with non-wearable accessories. There are few changes in the Spectrum, Quest, Image
and V-1 Pro models. The best news for consumers at the Bell booth was a new buckle
which seems to be a vast improvement over previous Bell models. It should pinch
less, permit tighter strap adjustment and crunch your jaw less than the last model,
and it has a positive release catch. We do not know if upgrades are available for old
Bell helmets, but call 1-800-456-BELL to find out. All of the above models appear on
Snell's certification list.
Headway Helmets of Australia showed some interesting new models. Their thin
shell uses a proprietary mould for a somewhat different fit, has extra cover in the
rear, and has a patented epoxy coating which produces bright colors. They
also have an ABS hard shell and a soft shell model. Their Joey child helmet is said
to be shaped differently to fit child heads. Their helmets all meet the Australian AS
2063 standard. We learned more about helmet design from the Managing Director of
this family business, Mr. Frank Matich, than anyone else at the show. Their helmets
can be ordered in custom sizes called "Way Outers" for extra large heads or for
post-surgery use (fax them in Mona Vale Sydney at (02) 979-6440, asking for the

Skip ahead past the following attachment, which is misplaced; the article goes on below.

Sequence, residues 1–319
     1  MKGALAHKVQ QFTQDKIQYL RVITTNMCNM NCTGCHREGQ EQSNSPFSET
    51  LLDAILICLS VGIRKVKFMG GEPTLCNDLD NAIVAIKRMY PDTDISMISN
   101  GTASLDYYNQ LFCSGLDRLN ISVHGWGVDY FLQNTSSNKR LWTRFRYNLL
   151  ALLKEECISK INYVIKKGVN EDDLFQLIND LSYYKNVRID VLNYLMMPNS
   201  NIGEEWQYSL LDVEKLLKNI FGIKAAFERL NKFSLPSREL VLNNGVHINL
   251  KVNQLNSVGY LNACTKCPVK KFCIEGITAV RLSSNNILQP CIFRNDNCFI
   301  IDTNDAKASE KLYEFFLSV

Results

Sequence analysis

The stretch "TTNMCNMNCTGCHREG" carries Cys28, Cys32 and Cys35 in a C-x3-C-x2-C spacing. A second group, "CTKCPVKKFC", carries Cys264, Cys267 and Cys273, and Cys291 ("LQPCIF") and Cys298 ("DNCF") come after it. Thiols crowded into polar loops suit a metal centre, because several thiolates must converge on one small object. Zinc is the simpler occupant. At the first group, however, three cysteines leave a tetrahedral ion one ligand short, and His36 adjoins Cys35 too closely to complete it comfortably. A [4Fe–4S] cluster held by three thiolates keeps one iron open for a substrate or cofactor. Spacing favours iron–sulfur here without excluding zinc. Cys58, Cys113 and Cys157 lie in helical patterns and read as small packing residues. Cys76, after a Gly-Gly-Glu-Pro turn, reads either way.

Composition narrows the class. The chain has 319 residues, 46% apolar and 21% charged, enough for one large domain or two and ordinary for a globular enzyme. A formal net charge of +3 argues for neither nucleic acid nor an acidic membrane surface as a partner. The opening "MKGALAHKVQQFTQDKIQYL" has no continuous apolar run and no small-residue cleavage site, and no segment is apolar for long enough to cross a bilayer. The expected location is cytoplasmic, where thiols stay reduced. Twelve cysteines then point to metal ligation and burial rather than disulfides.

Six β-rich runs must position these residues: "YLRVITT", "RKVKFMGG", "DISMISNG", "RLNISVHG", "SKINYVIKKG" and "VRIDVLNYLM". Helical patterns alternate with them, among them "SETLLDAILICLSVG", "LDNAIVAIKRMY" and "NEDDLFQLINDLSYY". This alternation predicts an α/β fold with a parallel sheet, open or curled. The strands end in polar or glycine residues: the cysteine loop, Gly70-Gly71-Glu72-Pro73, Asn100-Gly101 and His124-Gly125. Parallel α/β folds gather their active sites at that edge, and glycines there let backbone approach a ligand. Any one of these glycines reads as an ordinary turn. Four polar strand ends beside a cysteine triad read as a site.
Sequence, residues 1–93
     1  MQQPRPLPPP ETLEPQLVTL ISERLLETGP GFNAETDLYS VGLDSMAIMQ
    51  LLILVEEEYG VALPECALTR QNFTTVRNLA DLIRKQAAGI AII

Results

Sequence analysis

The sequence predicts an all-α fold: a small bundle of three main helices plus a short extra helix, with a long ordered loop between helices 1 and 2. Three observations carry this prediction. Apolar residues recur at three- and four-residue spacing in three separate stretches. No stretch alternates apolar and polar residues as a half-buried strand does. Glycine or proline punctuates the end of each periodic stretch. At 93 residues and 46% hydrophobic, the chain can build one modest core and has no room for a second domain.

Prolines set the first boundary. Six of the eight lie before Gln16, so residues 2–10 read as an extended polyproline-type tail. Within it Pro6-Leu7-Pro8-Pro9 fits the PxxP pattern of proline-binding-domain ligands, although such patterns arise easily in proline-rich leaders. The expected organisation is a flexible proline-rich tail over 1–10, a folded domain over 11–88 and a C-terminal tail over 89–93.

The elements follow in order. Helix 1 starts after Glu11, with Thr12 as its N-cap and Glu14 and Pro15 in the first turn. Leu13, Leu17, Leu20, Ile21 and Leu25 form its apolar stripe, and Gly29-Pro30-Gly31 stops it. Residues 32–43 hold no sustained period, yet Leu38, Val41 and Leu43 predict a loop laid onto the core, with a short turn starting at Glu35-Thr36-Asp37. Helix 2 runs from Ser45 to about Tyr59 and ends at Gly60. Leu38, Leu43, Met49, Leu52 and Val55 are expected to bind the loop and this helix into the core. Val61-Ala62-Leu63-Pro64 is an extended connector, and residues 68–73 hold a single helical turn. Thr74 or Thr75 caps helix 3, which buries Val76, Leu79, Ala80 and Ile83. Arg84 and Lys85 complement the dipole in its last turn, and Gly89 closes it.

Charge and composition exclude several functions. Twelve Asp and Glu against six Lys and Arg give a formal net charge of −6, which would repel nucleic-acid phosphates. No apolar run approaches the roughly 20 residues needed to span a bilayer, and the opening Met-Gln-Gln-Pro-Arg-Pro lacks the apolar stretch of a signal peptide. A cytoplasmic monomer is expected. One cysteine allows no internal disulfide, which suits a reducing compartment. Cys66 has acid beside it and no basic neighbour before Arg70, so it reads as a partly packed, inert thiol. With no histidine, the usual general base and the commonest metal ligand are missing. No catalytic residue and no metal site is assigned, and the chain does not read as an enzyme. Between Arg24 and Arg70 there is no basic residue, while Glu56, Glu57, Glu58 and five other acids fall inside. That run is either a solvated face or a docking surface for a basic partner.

measurement form). Headway does not appear on the Snell list, and since the
Australian standard uses a 400 g threshold rather than the 300 g's used here we will
be interested in knowing when it does.
Innova-Dex Sports showed their Leader helmets, including the Avanti and Avanti
Youth models available for school safety programs through dealers. Their Pro G-7 has
harder foam surrounding the vents and has ribs on the rear top surface of its liner
which are covered by the thin shell coating. A Leader ad in Velo News promises a
free video of race footage and Julie Furtado training tips with every Gara Pro sold
through December 31. The Snell certification list for Innova-Dex lists the Leader
Avanti, Leader Gara and Tempo.
Louis Garneau (himself) showed an innovative new helmet of his own design with